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        public void GetOffice(int syncID)
    {
        string strQry = @"
Select so.SyncID, 
   so.title
From Offices o
Left Outer Join SyncOffices so On so.id = o.SyncID
Where o.SyncID = @syncID
"; 

        using (SqlConnection conn = new SqlConnection(Settings.ConnectionString))
        {
            using (SqlCommand objCommand = new SqlCommand(strQry, conn))
            {
                objCommand.CommandType = CommandType.Text;
                objCommand.Parameters.AddWithValue("@syncID", syncID);
                conn.Open();
                SqlDataReader rdr = objCommand.ExecuteReader();

                if (rdr.Read())
                {
                    this.OfficeName= rdr.GetString(1);
                }

                rdr.Close();
            }
        }
    }
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6  
Welcome to CR! Please include a bit of context along with your code, tell us what the code is doing, what you like about it, what you would like to improve, points of concerns, points of interest... anything! –  Mat's Mug Feb 18 at 19:20
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3 Answers

up vote 7 down vote accepted

First of all, kudos for using a Parameter and not concatenating the value into your T-SQL string.

You're not disposing all IDisposable objects. SqlDataReader should be disposed as well. Now this makes it quite a bunch of nested using scopes, which you could rework like this:

    using (var connection = new SqlConnection(Settings.ConnectionString))
    using (var command = new SqlCommand(sql, connection))
    {
        command.CommandType = CommandType.Text;
        command.Parameters.AddWithValue("@syncID", syncId);
        connection.Open();

        using (var reader = command.ExecuteReader())
        {
            if (reader.Read())
            {
                this.OfficeName = reader.GetString(1);
            }
        }
    }

Note:

  • Usage of var for implicit typing makes the code easier to read (IMO), if you're using C# 3.0+
  • Disemvoweling is bad. There's no reason to call a variable rdr over reader. Use meaningful names, always.
  • Hungarian notation is evil. There's no reason to prefix a string with str.
  • Stick to camelCasing for locals - that includes parameters, so syncID becomes syncId.

The code assumes the query only returns 1 row, but the query isn't written to explicitly select a single row. This could lead to unexpected results.

Given some IList<string> results = new List<string>();:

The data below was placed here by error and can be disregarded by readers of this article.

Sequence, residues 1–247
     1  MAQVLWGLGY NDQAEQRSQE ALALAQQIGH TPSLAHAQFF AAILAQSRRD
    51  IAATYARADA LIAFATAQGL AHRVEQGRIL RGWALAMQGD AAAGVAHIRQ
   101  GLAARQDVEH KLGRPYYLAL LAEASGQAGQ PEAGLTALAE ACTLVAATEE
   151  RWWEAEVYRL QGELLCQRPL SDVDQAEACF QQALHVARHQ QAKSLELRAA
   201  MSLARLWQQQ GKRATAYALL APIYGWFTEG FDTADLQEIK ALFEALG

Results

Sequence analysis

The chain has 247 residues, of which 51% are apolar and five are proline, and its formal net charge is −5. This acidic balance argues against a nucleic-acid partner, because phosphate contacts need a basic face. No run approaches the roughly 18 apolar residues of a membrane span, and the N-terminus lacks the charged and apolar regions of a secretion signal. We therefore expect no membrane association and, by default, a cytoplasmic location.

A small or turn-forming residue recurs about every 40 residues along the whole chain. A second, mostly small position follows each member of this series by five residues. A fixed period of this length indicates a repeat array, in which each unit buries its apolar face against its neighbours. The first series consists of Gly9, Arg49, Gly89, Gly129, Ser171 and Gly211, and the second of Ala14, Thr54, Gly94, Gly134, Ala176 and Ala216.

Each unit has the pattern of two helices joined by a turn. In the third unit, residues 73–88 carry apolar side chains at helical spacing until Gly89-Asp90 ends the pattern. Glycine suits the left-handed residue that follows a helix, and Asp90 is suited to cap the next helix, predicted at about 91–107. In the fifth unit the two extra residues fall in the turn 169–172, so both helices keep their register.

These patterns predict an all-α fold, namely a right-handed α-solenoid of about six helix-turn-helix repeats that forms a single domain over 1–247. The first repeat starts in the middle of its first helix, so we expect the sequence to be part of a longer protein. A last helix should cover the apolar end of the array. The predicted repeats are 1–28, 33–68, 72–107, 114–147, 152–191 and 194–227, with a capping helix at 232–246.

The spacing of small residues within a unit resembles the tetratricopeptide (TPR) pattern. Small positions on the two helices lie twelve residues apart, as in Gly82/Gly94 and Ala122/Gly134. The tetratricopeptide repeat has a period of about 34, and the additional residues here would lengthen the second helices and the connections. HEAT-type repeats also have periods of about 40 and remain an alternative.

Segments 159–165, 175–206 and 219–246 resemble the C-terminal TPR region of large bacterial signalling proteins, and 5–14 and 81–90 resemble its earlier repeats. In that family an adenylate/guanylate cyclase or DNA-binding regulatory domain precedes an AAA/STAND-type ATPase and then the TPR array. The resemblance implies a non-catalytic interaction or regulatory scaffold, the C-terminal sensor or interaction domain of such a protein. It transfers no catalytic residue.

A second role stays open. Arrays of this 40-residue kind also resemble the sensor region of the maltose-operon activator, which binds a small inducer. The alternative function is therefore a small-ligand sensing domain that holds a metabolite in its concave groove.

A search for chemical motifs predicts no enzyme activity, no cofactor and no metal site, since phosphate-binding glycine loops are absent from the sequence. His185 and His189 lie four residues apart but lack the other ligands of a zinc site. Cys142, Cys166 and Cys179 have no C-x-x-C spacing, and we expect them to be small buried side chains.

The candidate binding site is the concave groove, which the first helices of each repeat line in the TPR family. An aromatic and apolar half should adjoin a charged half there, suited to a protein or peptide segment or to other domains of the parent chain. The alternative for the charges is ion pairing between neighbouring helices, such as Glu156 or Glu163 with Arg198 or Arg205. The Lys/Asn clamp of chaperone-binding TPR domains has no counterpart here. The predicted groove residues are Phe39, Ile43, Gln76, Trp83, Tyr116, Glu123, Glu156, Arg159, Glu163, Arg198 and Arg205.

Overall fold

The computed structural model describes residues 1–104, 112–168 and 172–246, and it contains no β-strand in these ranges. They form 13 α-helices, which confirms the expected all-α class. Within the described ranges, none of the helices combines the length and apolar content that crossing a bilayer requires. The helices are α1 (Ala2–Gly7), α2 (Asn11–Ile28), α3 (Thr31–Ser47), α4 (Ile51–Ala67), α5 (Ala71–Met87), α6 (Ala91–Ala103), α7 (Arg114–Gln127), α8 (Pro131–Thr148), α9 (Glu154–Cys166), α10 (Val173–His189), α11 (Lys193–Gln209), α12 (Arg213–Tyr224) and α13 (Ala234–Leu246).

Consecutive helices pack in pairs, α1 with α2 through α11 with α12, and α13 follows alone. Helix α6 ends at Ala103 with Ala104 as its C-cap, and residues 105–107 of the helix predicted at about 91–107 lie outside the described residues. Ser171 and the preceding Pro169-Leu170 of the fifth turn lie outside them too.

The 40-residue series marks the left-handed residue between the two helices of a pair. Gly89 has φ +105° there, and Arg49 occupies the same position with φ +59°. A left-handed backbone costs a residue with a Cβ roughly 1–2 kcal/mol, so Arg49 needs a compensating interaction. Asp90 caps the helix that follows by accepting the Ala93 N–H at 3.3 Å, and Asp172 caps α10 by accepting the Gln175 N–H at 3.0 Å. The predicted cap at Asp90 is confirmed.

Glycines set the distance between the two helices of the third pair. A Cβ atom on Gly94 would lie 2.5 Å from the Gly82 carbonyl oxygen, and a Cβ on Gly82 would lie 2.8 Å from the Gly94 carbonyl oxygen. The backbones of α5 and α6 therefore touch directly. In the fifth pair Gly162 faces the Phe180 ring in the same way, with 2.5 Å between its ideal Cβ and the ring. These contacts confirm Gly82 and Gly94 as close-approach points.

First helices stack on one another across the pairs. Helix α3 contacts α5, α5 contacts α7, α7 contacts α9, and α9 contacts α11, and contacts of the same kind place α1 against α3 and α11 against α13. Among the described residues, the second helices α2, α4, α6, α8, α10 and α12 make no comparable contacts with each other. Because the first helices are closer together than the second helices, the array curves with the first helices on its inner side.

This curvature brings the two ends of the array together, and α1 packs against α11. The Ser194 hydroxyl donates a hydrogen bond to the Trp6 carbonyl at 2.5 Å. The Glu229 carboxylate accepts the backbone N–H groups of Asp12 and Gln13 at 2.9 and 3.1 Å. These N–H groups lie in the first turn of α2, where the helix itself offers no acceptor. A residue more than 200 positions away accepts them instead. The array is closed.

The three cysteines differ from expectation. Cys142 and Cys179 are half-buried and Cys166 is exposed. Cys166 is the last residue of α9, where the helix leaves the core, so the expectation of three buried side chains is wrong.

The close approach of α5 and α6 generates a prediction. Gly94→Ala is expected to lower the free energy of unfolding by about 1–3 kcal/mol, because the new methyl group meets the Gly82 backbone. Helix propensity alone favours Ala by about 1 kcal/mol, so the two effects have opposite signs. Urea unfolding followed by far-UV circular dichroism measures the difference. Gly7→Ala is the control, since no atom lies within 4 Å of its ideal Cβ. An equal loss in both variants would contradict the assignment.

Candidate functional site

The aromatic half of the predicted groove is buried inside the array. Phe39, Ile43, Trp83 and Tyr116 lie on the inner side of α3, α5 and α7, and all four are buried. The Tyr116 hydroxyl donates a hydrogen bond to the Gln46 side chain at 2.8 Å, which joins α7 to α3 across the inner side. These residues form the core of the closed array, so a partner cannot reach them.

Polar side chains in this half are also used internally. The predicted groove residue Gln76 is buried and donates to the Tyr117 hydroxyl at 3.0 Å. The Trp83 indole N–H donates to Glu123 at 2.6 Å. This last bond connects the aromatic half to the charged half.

using (var reader = command.ExecuteReader())
        {
            while (reader.Read())
            {
                results.Add(reader.GetString(1));
            }
        }

You could then do this.OfficeName = results.Single(); (which would blow up if no rows were returned). One thing that strikes me, is that you're selecting 2 fields, but only using 1, which makes this reader.GetString(1) statement look surprising. If you don't need to select the SyncID field, remove it from your query and do reader.GetString(0) instead.

Finally, the T-SQL itself:

Select so.SyncID, so.title
From Offices o
Left Outer Join SyncOffices so On so.id = o.SyncID
Where o.SyncID = @syncID

Could look like this:

SELECT so.Title
FROM Offices o
LEFT JOIN SyncOffices so ON so.id = o.SyncID
WHERE o.SyncID = @syncID

Or, in a string:

var sql = "SELECT so.Title FROM Offices o LEFT JOIN SyncOffices so ON so.Id = o.SyncId WHERE o.SyncId = @syncId";

The line breaks make it look weird, and since it's not too long of a query, I think it would make the code better to have it on a single line.

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Thank you for the response. Everything makes sense. I want to point out that I am only expecting 1 row. –  Allan Horwitz Feb 18 at 19:51
    
If you're going to use FirstOrDefault() then I don't see any reason to retrieve the extra rows. (It would be different if you used SingleOrDefault() or Single(), which I usually prefer.) –  svick Feb 18 at 20:32
    
Also, if you make the string into a single-line, you can drop the @ before the ". –  svick Feb 18 at 20:34
    
@svick thanks, edited ;) –  Mat's Mug Feb 18 at 21:26
5  
+1 if for no other reason than using the word "Disemvoweling". –  Comintern Feb 19 at 1:39
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I notice that GetOffice returns void and that the result of the query is written into this.OfficeName.

I usually have one (separate) file which contains/encapsulates all my SQL statements. So I'd have something like,

public void GetOffice(int syncID)
{
    this.OfficeName = Sql.GetOfficeName(syncID);
}

... where GetOfficeName is a static method of my Sql class.

Having all my SQL in one (separate file) makes it easier to do a code review of all the ways in which I use SQL; for example to ensure that I'm using the same 'best practices' (e.g. using transactions, disposing objects) in all SQL-related methods.

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How would you write a unit test for this class, and this method? Could you substitute a mock SqlConnection if you had to? Could you easily create the class with a fake OfficeName for test purposes? How does it behave if the connection fails to connect? How do you test the error handling does what you need it to do?

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